Some nerves are good. If I can convince myself the fear I’m feeling is actually just excitement, I can ride the energy instead of letting it ride me and the effect can be contagious. The trick is to get the crowd to climb on board the butterflies in your stomach and ride them with you to magical heights. To encourage this, I use humor. When I can get an audience to laugh early in a show I know they’re on board and my nervousness starts to abate.

Performance is an art all its own. Before I was a musician, I didn’t know this. I just started writing songs. Then I learned how to play guitar to accompany those songs. Then I learned how to sing while playing guitar and then I learned how play a room of people while singing and playing guitar. I think you become a performing artist the same way you become a ball balancing, plate-spinning, juggler—one skill at a time.

The show was great. My voice was on point and the band was locked in. The audience was respectful and often stood to applaud after a song. At the end of the night, as I was thanking the cowd for coming someone yelled out “Get your dad up for one.” Without hesitation my dad joined me on stage and without a rehearsal we played “Close Your Eyes.” It was sweet and joyous and familiar in the truest sense.

Dad said he was impressed with the show, the band and more than that “I’m just so proud of the way you’re independently tackling this music thing Sal.” We strolled in our matching Taylor lopeing strides toward a loaded-up Moby. “It’s not for the weak of heart my gal,” he continued “and you’ve really got it.” Outside the van, in the parking lot, he turned me toward him. I could hear his familiar breathing pattern—in for 2 out for 10. He put his hands on my shoulders and gave me the Taylor hug—2 pats followed by 3 shakes.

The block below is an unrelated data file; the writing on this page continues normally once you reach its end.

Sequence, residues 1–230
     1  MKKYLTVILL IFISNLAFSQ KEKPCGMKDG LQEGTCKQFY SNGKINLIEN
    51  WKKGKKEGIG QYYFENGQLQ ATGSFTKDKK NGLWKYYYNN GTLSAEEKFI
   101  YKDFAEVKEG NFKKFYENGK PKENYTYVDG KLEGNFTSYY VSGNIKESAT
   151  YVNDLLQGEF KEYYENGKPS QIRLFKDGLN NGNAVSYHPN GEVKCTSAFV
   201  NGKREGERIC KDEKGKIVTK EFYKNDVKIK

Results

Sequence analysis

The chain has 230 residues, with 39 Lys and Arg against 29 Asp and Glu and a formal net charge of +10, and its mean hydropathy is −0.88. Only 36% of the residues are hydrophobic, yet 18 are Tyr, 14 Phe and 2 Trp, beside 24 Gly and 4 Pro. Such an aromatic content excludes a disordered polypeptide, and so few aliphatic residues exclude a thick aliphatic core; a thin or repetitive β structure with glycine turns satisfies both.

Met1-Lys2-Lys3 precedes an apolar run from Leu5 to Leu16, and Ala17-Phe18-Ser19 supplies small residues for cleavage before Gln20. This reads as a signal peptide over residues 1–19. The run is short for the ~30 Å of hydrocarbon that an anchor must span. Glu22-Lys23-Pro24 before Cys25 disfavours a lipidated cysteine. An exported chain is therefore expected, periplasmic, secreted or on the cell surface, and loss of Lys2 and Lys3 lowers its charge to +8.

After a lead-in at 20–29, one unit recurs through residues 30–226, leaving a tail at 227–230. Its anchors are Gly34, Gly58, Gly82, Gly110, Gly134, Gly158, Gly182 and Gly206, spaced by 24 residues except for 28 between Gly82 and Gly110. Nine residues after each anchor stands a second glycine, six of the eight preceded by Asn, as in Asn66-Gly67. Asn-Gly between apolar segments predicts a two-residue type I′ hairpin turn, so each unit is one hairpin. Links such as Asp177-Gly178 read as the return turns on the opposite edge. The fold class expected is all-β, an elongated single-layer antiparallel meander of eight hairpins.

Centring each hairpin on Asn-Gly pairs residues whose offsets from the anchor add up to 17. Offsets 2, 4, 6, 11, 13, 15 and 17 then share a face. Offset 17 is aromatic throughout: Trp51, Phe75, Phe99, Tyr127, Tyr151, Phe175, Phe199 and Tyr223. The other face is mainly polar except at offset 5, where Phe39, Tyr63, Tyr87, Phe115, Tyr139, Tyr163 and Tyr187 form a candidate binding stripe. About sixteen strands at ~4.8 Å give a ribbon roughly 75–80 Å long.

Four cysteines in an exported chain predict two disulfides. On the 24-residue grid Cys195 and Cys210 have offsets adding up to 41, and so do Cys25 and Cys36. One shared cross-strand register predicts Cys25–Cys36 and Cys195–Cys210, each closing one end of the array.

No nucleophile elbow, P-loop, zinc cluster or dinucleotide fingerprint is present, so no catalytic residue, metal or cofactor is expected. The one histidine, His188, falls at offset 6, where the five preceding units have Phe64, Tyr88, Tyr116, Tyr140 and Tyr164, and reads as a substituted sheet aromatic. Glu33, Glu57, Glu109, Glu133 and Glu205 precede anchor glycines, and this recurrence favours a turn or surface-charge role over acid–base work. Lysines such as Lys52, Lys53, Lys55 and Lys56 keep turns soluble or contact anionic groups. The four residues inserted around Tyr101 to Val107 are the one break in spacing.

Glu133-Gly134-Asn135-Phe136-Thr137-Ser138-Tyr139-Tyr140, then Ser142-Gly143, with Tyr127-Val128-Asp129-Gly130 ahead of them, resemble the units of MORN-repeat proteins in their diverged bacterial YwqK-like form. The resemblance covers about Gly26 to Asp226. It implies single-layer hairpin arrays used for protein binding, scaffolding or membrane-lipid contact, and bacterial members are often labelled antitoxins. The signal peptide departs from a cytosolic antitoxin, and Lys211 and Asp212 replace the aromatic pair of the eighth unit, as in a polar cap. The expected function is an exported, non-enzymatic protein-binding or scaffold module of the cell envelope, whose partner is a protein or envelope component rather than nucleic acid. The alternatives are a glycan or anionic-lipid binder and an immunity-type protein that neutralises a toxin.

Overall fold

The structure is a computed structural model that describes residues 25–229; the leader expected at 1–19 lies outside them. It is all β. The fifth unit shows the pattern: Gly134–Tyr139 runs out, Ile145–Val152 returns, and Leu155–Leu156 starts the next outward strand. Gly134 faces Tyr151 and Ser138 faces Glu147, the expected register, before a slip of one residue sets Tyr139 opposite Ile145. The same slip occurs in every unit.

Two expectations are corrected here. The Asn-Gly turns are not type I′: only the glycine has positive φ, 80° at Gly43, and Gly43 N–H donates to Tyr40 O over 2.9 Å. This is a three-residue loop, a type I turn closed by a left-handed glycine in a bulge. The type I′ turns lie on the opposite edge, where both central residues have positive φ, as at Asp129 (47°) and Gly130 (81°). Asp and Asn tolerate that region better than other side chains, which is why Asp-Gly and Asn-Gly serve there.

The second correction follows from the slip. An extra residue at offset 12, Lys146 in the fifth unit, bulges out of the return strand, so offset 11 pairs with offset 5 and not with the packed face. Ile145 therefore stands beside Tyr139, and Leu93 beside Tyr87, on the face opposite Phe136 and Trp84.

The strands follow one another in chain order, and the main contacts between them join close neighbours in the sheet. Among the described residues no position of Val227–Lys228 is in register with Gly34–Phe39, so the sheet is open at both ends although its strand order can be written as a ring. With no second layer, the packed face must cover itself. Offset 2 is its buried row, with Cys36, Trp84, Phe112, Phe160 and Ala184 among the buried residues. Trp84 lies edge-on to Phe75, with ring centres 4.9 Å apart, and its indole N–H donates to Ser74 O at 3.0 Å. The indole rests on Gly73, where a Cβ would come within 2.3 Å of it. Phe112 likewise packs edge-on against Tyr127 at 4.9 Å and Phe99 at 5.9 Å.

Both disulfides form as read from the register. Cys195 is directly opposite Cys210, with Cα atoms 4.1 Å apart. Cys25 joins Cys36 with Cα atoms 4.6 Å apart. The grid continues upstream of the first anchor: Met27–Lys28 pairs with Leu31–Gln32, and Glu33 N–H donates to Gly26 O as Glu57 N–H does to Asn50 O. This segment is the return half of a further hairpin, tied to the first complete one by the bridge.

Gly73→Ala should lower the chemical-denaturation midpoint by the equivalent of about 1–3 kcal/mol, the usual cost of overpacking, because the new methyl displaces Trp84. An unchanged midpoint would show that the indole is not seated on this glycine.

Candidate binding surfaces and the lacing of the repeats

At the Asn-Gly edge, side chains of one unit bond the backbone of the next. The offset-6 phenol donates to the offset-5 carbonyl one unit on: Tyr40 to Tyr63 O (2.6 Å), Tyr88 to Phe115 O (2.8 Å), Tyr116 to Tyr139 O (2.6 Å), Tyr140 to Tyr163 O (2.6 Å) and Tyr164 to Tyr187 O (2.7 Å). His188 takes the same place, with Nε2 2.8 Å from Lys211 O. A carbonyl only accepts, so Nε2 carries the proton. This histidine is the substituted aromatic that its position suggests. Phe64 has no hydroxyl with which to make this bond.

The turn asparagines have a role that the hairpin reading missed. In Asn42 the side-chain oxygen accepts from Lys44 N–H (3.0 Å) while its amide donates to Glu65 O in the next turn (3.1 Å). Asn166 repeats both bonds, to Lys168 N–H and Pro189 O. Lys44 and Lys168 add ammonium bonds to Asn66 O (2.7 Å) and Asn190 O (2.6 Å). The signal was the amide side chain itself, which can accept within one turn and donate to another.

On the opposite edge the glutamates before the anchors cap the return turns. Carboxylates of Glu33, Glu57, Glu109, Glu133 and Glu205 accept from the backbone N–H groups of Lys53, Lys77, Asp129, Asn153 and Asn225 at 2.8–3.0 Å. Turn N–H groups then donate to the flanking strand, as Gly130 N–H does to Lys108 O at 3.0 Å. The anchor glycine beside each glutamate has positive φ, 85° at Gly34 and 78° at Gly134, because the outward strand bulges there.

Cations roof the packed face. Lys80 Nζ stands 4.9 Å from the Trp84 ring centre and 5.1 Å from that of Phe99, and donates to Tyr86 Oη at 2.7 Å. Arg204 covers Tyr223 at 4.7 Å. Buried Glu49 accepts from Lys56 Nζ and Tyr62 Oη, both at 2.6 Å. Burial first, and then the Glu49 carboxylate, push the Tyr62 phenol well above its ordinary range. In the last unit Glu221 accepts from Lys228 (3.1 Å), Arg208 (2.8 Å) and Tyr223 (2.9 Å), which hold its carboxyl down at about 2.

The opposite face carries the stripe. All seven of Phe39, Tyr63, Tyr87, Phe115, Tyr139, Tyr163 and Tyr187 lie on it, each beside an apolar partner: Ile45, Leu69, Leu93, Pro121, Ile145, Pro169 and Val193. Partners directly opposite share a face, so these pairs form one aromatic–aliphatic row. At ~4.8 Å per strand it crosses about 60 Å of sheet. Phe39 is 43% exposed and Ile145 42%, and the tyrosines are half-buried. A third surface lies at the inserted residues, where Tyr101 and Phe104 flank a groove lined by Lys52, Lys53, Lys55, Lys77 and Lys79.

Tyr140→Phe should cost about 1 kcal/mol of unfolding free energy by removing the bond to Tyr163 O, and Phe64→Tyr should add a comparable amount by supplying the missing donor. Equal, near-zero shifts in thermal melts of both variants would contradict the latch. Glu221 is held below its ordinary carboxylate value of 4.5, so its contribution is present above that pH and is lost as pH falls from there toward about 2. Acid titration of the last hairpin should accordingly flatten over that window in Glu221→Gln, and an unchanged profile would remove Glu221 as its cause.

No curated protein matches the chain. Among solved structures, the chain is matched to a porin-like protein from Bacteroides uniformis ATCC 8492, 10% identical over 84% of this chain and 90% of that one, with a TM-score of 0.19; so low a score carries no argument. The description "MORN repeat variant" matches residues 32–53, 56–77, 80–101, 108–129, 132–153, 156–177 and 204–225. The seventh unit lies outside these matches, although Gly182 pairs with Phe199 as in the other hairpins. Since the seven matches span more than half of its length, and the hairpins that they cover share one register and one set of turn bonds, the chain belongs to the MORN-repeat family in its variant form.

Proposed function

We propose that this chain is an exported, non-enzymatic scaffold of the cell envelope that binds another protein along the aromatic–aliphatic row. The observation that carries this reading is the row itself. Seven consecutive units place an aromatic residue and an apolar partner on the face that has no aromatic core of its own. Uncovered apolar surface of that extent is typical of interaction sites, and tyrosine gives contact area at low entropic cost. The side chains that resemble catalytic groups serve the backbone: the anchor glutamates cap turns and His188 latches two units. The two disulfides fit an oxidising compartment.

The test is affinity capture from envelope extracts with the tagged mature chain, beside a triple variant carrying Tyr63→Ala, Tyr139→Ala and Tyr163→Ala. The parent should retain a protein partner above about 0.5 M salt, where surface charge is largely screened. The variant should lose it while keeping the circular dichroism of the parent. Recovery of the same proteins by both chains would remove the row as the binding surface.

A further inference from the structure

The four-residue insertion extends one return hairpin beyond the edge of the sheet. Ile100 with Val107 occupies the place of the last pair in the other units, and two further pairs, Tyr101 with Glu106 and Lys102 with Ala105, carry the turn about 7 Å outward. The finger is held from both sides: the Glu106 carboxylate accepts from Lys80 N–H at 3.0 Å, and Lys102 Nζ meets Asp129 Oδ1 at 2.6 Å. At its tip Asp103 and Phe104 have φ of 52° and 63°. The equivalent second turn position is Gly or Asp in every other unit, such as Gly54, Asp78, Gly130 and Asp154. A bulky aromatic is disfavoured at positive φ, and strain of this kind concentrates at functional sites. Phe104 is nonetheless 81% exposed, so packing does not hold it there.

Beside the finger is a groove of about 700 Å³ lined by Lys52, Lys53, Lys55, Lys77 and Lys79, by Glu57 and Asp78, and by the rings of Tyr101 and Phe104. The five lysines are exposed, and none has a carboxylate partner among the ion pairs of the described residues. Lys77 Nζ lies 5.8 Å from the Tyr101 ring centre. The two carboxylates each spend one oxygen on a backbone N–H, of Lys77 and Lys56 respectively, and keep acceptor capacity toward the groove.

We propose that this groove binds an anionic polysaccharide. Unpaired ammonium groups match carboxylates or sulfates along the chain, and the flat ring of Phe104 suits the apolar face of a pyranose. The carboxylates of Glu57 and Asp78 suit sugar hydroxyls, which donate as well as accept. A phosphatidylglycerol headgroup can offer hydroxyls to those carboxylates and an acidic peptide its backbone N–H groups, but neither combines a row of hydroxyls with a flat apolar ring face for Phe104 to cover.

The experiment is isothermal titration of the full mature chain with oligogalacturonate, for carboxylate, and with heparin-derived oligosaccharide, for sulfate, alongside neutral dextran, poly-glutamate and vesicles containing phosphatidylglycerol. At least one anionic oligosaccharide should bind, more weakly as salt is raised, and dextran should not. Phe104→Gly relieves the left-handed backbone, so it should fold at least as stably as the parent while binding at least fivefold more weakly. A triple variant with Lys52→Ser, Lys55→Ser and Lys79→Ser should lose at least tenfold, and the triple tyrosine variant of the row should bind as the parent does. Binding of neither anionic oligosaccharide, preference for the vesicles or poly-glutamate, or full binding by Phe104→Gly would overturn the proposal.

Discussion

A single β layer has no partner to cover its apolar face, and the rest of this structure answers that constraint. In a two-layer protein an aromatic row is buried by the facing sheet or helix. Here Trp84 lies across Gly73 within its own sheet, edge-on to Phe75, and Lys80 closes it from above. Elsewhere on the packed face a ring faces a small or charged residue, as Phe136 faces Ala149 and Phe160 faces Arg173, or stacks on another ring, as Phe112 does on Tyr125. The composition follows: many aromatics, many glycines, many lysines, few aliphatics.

And with that, we waved goodbye under a full moon and forged our way alone toward Maine.

Cleveland, OH – “Lessons in Humility” – The Agora Ballroom – August 24 & 25, 1999

In a historic venue that fits 700, there were only 10 people at our show (3 of which were the opening band).

It was raining—Drizzle, drizzle, drizzle—all three days we had off in Cleveland. No one wanted to go outside so we instead, amused ourselves in the hotel. Brian and Kenny shared room #776 and both Chrises and myself took #772 with a foldaway. We watched mind-numbing movies, made phone calls, worked out, swam, did group facials, and made a ritual out of the Denny’s next door for dinner.

Kenny in room #776

The morning of the 24th was a Tuesday. I was having a bitch of a time uploading last week’s ‘Tales from the Road’ to the world wide web. For anyone interested in the process I get to go through to feed you these fascinating little gems of insight into our captivating lives on the road (insert note of sarcasm here) I’ll first tell you, it ain’t easy.

Uploading “Tales from the Road” from a Hotel Room:

  • First, I call down to reception to get the hotel’s www login credentials.
  • Next, I plug my trusty ethernet cable into the phone jack and boot up my operating system.
  • Next, I check my network settings to make sure they’re configured to obtain an IP address automatically.
  • Then I open an internet browser (I use one called Netscape Navigator) to test my connection. This rarely works on the first try. I’m usually, pulling my hair out, unplugging the ethernet cable, reassembling their phone line, and calling the front desk at least 4 times before I get my laptop to connect.
  • Once on Navigator, I log into my AOL account and diligently copy and paste each episode I’ve written into an email addressed to my webmaster, Dan Beach.

The whole process takes approximately 2 hours (if I’m successful in launching the browser in the first 4 tries and the service is fast enough for the email to go through). Then, I cross my fingers and hope to see my writings appear on in the coming days. Most of my writing is done in transit—in the van between gigs. Soucy, the educator he is, checks each entry for my inevitable spelling and grammatical mistakes. He’s so multifaceted. I don’t deserve him.